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Saving America's Mustangs v. Bureau of Land Management

United States District Court, D. Nevada

November 20, 2017



          ROBERT C. JONES United States District Judge.

         This action arises out of a dispute over whether the United States reserved title to a segment of road or only an easement for its use when it patented certain land. Pending before the Court is a motion to dismiss for lack of subject matter jurisdiction and cross-motions for summary judgment.


         Plaintiff Saving America's Mustangs (“SAM”) owns and operates a wild horse sanctuary near Elko, Nevada. (Compl. ¶ 2, ECF No. 1). On or about June 2, 1967, the United States issued a land patent (“the Patent”) to Plaintiff's predecessor-in-interest. (Id. ¶ 4). The Patent included a reservation (“the Reservation”) for use and maintenance of a five-mile road (“the Road”) that traverses Plaintiff's property in a north-south direction. (See Id. ¶¶ 4-5). The Reservation was for use by the United States and its agents and employees, not for use by the public. (Id. ¶¶ 7- 10). Members of the public have since 2013 been using roads on SAM's property and otherwise trespassing. (Id. ¶ 12). SAM therefore installed access gates on the Road and gave the Bureau of Land Management (“BLM”) keys to the gates. (Id. ¶¶ 13-14). BLM, however, has asserted that the public has the right to use the Road and that SAM's installation of gates on the Road violates the Reservation. (Id. ¶ 14).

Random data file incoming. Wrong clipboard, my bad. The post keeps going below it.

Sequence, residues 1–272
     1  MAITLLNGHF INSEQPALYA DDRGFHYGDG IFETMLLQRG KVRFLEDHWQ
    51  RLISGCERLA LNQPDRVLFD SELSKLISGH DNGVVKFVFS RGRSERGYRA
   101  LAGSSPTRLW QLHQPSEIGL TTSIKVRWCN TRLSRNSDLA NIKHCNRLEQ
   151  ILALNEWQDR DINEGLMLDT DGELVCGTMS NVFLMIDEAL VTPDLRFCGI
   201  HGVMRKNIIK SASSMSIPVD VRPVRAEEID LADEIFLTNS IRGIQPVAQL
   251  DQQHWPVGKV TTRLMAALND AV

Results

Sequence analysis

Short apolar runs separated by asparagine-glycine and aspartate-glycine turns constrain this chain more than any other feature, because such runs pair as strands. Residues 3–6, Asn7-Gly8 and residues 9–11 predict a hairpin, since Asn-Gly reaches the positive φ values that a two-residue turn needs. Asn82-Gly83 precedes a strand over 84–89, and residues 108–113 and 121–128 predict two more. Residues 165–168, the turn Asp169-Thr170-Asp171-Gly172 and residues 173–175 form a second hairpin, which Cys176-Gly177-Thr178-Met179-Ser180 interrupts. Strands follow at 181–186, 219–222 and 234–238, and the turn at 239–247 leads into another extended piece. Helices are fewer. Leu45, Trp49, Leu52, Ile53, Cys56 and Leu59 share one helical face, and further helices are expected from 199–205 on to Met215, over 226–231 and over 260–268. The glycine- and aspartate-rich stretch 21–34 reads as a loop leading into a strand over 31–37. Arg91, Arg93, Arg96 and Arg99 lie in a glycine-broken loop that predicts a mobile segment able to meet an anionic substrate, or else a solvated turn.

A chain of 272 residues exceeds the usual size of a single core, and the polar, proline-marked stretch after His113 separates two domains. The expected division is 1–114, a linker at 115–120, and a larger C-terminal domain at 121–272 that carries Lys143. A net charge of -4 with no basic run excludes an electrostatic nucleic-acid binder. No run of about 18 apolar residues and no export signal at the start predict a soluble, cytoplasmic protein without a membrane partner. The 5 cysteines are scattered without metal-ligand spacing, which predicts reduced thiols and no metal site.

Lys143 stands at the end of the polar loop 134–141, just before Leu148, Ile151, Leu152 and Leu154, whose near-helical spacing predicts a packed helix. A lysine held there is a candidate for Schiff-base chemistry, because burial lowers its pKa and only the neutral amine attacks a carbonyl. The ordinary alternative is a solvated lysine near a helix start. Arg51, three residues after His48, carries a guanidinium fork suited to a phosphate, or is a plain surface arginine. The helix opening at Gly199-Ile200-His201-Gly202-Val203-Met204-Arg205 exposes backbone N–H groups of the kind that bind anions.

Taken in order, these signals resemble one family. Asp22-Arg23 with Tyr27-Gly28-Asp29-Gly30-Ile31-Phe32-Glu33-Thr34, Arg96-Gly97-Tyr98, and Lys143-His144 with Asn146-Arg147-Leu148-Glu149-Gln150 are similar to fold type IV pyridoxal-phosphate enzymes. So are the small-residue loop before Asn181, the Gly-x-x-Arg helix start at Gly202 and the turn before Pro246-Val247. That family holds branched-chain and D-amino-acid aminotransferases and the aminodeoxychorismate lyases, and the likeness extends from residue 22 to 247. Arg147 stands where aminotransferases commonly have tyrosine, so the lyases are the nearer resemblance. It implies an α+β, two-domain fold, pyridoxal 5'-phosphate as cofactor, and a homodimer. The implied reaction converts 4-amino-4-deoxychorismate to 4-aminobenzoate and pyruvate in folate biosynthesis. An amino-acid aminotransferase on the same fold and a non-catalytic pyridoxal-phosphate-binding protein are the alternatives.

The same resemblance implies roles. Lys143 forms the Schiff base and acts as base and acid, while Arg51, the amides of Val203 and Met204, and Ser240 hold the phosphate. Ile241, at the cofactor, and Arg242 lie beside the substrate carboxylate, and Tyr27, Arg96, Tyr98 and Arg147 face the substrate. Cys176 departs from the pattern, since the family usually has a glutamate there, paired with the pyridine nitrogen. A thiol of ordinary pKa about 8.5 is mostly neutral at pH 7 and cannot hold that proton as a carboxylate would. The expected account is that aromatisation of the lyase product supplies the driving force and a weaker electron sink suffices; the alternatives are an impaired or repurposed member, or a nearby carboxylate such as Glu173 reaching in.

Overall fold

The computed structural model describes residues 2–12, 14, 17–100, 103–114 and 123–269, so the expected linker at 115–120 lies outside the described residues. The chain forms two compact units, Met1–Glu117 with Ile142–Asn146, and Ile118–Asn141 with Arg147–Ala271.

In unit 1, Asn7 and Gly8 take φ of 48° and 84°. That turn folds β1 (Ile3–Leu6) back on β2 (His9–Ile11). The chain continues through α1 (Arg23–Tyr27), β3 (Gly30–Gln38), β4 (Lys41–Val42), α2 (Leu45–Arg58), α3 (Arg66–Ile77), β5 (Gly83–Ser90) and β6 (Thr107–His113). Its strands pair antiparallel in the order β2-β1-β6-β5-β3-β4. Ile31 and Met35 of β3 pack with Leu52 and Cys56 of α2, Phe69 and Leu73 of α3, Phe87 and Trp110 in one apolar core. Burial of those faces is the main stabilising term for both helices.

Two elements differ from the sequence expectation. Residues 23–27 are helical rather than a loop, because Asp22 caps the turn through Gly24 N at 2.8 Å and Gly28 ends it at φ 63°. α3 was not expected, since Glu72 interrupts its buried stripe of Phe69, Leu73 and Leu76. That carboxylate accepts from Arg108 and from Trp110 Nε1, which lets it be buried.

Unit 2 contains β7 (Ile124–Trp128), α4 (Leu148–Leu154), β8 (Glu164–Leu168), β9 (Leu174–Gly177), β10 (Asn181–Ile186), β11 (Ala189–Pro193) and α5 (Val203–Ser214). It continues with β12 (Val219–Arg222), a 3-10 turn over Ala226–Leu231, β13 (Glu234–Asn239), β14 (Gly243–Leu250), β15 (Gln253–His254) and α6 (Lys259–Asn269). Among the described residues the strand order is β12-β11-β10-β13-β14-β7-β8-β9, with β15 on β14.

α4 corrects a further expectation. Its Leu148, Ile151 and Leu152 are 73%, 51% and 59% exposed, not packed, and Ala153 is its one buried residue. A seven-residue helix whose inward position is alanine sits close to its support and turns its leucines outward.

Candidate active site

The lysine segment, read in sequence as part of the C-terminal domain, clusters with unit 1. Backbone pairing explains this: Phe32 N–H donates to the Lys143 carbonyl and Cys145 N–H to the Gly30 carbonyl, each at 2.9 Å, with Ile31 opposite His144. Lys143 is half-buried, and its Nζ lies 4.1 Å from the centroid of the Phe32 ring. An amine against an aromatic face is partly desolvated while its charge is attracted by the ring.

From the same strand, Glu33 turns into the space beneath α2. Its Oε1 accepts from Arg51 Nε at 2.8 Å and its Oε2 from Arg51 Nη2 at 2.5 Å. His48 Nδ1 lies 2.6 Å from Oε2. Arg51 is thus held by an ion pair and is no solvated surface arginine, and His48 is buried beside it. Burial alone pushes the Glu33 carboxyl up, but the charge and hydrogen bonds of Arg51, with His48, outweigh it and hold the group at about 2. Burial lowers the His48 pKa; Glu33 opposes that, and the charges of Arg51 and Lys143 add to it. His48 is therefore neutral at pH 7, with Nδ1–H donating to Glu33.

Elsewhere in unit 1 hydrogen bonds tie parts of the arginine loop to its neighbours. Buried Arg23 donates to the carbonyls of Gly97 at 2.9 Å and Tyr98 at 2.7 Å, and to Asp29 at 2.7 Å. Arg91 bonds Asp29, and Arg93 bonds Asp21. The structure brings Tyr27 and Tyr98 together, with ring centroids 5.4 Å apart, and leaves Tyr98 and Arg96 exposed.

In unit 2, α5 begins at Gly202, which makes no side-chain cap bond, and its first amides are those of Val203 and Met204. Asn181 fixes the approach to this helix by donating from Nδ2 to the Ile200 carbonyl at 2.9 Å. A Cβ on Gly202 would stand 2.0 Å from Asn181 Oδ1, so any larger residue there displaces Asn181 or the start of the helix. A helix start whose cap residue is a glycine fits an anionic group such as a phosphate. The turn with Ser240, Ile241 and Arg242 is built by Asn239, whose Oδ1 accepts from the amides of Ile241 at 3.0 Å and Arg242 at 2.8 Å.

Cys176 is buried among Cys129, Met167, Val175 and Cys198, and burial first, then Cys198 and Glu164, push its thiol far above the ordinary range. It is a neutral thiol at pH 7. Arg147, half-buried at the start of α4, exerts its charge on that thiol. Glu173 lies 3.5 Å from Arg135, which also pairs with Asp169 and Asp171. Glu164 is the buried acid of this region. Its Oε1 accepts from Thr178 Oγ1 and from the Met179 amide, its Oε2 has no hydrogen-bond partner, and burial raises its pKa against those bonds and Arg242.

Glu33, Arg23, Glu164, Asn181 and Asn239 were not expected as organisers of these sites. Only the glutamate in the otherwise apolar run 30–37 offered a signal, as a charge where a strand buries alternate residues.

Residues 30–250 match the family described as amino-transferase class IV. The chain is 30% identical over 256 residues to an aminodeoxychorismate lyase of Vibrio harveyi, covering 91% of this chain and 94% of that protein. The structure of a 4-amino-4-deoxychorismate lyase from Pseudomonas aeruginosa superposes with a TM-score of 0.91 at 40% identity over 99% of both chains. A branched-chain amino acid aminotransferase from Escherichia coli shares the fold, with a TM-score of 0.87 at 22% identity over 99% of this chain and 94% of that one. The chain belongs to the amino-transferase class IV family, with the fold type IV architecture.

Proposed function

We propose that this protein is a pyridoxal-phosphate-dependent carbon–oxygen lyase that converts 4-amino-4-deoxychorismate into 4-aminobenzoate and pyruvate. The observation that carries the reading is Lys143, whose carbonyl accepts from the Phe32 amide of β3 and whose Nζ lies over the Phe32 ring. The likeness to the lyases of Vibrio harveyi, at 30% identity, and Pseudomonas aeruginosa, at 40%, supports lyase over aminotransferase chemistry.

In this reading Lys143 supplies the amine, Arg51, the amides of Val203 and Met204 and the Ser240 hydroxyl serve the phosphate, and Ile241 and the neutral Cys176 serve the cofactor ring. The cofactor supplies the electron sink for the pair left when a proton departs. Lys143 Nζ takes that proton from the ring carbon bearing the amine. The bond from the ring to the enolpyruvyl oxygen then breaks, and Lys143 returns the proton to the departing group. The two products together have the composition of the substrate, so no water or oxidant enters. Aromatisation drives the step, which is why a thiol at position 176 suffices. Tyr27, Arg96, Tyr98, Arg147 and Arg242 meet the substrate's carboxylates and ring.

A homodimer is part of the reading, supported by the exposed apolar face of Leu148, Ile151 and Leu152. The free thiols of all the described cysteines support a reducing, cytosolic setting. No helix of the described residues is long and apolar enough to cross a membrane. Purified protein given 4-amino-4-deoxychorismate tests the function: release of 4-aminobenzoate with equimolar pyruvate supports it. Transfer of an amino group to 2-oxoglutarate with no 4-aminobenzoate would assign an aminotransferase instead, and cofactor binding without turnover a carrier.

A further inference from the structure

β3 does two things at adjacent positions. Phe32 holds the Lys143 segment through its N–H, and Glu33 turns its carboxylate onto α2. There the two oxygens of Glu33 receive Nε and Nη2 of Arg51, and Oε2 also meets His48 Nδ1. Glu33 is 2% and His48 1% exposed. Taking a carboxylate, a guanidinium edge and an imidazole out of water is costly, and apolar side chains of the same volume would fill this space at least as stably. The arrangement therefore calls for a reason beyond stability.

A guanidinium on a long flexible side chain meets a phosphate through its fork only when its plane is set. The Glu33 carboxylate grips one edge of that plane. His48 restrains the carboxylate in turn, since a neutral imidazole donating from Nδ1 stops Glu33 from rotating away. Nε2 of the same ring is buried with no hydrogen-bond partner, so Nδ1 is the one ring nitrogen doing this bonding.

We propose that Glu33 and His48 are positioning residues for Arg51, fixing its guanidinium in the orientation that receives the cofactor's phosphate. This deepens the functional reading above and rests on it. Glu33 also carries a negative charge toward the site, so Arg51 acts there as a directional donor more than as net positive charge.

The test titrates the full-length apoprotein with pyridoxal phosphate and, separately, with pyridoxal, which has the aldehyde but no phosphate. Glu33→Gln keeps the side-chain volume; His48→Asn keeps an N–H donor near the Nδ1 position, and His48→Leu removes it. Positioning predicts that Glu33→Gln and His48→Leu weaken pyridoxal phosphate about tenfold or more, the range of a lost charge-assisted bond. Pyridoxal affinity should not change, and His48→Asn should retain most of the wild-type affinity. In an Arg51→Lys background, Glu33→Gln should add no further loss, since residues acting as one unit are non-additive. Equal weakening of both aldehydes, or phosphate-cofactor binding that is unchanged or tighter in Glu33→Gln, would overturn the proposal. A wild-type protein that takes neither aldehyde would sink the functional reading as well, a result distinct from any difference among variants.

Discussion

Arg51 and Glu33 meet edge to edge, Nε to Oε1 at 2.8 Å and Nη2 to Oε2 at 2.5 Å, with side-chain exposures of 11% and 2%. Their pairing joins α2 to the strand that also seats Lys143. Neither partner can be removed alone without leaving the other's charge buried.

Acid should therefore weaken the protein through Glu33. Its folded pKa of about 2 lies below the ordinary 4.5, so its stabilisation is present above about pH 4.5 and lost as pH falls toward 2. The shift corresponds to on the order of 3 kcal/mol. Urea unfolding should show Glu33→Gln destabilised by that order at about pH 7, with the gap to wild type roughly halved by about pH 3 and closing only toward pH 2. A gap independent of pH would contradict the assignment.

SAM sued BLM in this Court under the Declaratory Judgment and Quiet Title Acts. BLM moved to dismiss for lack of subject matter jurisdiction. The Court granted the motion in part, dismissing the duplicative declaratory judgment claim but refusing to dismiss the quiet title claim. BLM has again moved to dismiss for lack of jurisdiction, and the parties have filed cross-motions for summary judgment on the merits.


         A court must grant summary judgment when “the movant shows that there is no genuine dispute as to any material fact and the movant is entitled to judgment as a matter of law.” Fed.R.Civ.P. 56(a). Material facts are those which may affect the outcome of the case. See Anderson v. Liberty Lobby, Inc., 477 U.S. 242, 248 (1986). A dispute as to a material fact is genuine if there is sufficient evidence for a reasonable jury to return a verdict for the nonmoving party. See Id. A principal purpose of summary judgment is “to isolate and dispose of factually unsupported claims.” Celotex Corp. v. Catrett, 477 U.S. 317, 323-24 (1986).

         In determining summary judgment, a court uses a burden-shifting scheme. The moving party must first satisfy its initial burden. “When the party moving for summary judgment would bear the burden of proof at trial, it must come forward with evidence which would entitle it to a directed verdict if the evidence went uncontroverted at trial.” C.A.R. Transp. Brokerage Co. v. Darden Rests., Inc., 213 F.3d 474, 480 (9th Cir. 2000) (citation and internal quotation marks omitted). In contrast, when the nonmoving party bears the burden of proving the claim or defense, the moving party can meet its burden in two ways: (1) by presenting evidence to negate an essential element of the nonmoving party's case; or (2) by demonstrating that the nonmoving party failed to make a showing sufficient to establish an element essential to that party's case on which that party will bear the burden of proof at trial. See Celotex Corp., 477 U.S. at 323-24.